A hot engine always constitutes a risk of burning. Therefore never work in a hot engine. When switching off the engine, softly pinch in the thickest hose of the cooling system. If you feel a clear resistance, this is a strong indication of pressure in the cooling system. This pressure should be vented. Therefore, allow the engine to cool down. The cap of the expansion tank or radiator must be opened in two steps. Twisting it one quarter will vent excess pressure. Only when it no longer sizzles or bubbles under the cap, you can remove it completely.
Run the motor after adding sufficient coolant. Look in the expansion tank or radiator. If there are bubbles forming, the cylinder head is clearly damaged. Replacement is the only option.
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Exhaust colour black – for faulty fuel mix
Black exhaust colour is an indication of the combustion being too rich. The fuel does not burn up completely. Part of the hydrocarbons “carbonise” and appear in the exhaust as soot. Generally, electronic malfunctions are the cause. The O2 sensor is just as often the cause as defective spark plugs. The ignition can be wrongly adjusted. In any case, the garage needs to shed light on this. In case of black exhaust you have the best chance for a cheap repair.
Exhaust colour blue – for oil
Blue exhaust colour is a clear signal of oil entering the combustion chamber. Many causes are possible, which are not easily determined.
Possible causes are:
|– too much oil added
– piston ring damaged
– cylinder head gasket damaged
– valve stem seal damaged
If too much oil has been added, the pressure in the oil circulation increases. The oil is pressed past the piston into the combustion chamber. There, it is burned, causing the blue exhaust. The first step in case of blue exhaust is checking the oil level. If it is above maximum, you have found the cause. The oil change according to specification of the manager is the right approach.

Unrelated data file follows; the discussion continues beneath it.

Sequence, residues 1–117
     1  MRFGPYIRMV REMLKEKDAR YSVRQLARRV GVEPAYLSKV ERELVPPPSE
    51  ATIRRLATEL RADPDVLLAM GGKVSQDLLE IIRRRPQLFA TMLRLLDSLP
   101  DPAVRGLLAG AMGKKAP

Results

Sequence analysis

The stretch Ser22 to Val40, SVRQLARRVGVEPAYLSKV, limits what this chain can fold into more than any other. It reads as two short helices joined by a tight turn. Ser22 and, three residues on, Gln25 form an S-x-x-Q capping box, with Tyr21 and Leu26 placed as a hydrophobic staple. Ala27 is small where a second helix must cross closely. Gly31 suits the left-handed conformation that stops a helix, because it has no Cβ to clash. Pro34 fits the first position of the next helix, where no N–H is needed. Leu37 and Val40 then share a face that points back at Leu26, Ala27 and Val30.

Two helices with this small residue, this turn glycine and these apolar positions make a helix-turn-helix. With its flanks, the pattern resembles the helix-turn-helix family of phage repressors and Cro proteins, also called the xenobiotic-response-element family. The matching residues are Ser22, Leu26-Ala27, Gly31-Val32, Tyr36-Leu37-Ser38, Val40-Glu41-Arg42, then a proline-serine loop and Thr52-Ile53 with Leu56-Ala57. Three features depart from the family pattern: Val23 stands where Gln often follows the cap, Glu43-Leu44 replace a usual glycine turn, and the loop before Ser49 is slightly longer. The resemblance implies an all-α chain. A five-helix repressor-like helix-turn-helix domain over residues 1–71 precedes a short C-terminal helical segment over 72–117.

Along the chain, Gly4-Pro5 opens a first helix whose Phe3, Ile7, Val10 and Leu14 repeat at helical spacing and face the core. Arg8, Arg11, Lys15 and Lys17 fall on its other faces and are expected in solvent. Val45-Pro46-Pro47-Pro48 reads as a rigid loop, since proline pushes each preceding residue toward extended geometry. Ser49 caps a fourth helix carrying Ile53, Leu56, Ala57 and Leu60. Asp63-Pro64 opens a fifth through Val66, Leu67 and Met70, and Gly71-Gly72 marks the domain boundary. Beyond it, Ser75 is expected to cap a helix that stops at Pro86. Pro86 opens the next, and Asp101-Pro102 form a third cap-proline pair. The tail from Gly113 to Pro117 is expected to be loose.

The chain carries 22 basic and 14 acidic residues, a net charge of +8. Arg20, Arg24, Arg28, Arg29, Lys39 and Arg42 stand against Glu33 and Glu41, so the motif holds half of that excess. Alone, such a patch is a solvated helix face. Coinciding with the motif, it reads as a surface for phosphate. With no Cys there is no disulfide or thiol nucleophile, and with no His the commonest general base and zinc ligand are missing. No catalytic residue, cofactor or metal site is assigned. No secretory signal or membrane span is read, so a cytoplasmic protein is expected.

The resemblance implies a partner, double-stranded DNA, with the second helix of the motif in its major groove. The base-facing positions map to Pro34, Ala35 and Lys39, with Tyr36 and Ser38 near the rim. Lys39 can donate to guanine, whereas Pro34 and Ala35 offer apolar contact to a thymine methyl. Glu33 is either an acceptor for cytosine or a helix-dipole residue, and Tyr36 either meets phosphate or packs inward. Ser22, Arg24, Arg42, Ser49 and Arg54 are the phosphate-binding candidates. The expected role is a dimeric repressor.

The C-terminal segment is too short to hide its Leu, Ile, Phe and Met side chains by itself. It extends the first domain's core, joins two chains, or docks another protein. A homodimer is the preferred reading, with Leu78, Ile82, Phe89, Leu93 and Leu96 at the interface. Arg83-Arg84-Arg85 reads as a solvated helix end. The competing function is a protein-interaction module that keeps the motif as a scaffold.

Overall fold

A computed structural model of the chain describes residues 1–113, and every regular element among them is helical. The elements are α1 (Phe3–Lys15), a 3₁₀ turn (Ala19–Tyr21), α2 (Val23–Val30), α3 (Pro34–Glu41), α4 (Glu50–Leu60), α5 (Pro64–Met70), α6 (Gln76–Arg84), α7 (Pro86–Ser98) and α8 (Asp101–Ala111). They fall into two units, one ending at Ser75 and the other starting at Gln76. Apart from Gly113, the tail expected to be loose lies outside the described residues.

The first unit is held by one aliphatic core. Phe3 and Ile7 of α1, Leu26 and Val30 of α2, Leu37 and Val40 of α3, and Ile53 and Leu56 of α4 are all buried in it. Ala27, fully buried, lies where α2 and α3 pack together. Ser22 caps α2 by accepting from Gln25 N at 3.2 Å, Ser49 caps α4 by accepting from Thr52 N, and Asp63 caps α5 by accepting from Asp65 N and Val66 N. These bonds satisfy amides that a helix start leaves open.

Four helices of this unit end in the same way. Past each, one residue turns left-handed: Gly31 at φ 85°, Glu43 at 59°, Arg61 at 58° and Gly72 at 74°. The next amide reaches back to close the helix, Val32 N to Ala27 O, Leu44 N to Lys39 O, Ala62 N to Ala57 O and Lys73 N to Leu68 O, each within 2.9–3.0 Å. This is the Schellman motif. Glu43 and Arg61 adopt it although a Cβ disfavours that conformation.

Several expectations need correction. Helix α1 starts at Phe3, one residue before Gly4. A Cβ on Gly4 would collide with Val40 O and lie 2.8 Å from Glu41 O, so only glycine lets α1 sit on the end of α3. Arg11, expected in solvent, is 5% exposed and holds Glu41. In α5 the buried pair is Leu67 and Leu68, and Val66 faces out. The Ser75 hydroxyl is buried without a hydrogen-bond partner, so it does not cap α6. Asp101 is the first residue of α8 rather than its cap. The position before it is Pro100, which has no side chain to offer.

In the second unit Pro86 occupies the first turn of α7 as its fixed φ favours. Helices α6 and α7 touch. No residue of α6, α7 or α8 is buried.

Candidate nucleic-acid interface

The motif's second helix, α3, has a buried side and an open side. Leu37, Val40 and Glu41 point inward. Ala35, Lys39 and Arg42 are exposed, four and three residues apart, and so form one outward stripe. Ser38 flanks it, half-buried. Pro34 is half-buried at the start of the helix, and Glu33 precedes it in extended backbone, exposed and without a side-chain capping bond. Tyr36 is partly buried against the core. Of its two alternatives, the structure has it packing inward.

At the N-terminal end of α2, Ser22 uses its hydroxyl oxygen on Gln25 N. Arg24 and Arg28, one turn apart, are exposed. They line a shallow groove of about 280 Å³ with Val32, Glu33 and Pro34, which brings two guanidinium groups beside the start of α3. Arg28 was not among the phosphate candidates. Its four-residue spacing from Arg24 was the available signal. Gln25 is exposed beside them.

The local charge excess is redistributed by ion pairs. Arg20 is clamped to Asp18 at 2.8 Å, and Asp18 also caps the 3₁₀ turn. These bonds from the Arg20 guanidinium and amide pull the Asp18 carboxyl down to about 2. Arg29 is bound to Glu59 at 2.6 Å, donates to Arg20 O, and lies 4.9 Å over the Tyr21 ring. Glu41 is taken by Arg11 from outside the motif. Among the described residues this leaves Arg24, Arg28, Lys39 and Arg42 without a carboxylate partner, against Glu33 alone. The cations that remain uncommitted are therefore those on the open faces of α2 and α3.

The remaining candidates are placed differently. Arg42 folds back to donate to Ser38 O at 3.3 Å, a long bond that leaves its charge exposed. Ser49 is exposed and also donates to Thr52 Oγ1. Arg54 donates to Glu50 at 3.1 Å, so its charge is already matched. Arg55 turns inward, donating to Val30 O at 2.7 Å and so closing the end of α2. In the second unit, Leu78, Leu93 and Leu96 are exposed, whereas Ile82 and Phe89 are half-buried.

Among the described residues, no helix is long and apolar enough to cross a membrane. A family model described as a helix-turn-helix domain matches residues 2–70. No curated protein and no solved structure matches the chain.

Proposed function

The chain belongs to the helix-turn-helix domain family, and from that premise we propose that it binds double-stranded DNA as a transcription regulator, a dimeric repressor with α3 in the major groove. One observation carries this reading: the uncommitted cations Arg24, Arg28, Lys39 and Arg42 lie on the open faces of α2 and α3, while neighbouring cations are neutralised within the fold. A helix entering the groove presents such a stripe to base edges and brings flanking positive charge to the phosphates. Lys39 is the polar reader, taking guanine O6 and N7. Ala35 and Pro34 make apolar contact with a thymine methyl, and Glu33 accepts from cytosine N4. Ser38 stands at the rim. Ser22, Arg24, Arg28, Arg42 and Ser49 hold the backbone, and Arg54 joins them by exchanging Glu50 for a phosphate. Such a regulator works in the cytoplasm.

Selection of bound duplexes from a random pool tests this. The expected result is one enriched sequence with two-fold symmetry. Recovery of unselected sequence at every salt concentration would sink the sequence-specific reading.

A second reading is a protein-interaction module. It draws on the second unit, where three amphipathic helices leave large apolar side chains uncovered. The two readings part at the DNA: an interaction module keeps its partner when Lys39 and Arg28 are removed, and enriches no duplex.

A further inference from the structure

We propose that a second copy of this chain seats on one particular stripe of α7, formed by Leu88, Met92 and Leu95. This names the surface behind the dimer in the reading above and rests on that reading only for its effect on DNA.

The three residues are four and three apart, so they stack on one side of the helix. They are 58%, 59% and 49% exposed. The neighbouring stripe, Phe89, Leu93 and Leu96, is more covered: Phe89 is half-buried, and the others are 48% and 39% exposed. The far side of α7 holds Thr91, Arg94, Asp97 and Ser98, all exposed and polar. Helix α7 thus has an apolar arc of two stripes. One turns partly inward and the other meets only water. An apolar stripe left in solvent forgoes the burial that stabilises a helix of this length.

A reason for an oil overdose is the wrong interpretation of the oil level. If an engine is warm, the engine oil is spread throughout the engine. The oil dipstick is calibrated to give the right information only when the engine is cold. Therefore, checking the oil right after switching off the engine may give an impression that there is too little oil in the engine. Always wait 3 – 5 minutes before checking the oil level.
The piston rings seal the pistons from the cylinder wall. If these are worn, oil can enter the combustion chamber, burning there and causing the blue exhaust. Defective piston rings are determined by a compression test. This is very cheap and can be conducted in the garage. The screw thread of a spark plug is screwed in a testing device and the engine is run. The internal pressure in the cylinder provides information if the piston ring is damaged. Its repair is very expensive, as the engine must be disassembled.
If compression and oil level are decent, but the exhaust is blue, the next suspicion falls on the cylinder head gasket. Same applies here as well: an opening between the combustion chamber and oil circulation works in both directions. If the oil shows brownish-white foam, the cylinder head gasket is undoubtedly damaged. It might turn out that the coolant has become blackish-brown from the oil.
If oil level, compression and cylinder head gasket are decent, the valve stem seals are the only possible cause left. These are gasket rings, sealing the valves. They prevent lubrication oil from entering the combustion chamber.
DIY replacement of valve stem seals is only possible by removing the cylinder head. Garages can keep the valves in their place with help of pressurised air. Then, valve stem seals can be replaced without the need for removing the cylinder head. This solution might turn out to be cheaper than a DIY attempt.
Foto: Chekunov Aleksandr, Vereshchagin Dmitry, Rasulov, Ruslan Kudrin, J. Lekavicius, wittaya changkaew4, Joe Belanger, Dima Sidelnikov / shutterstock.com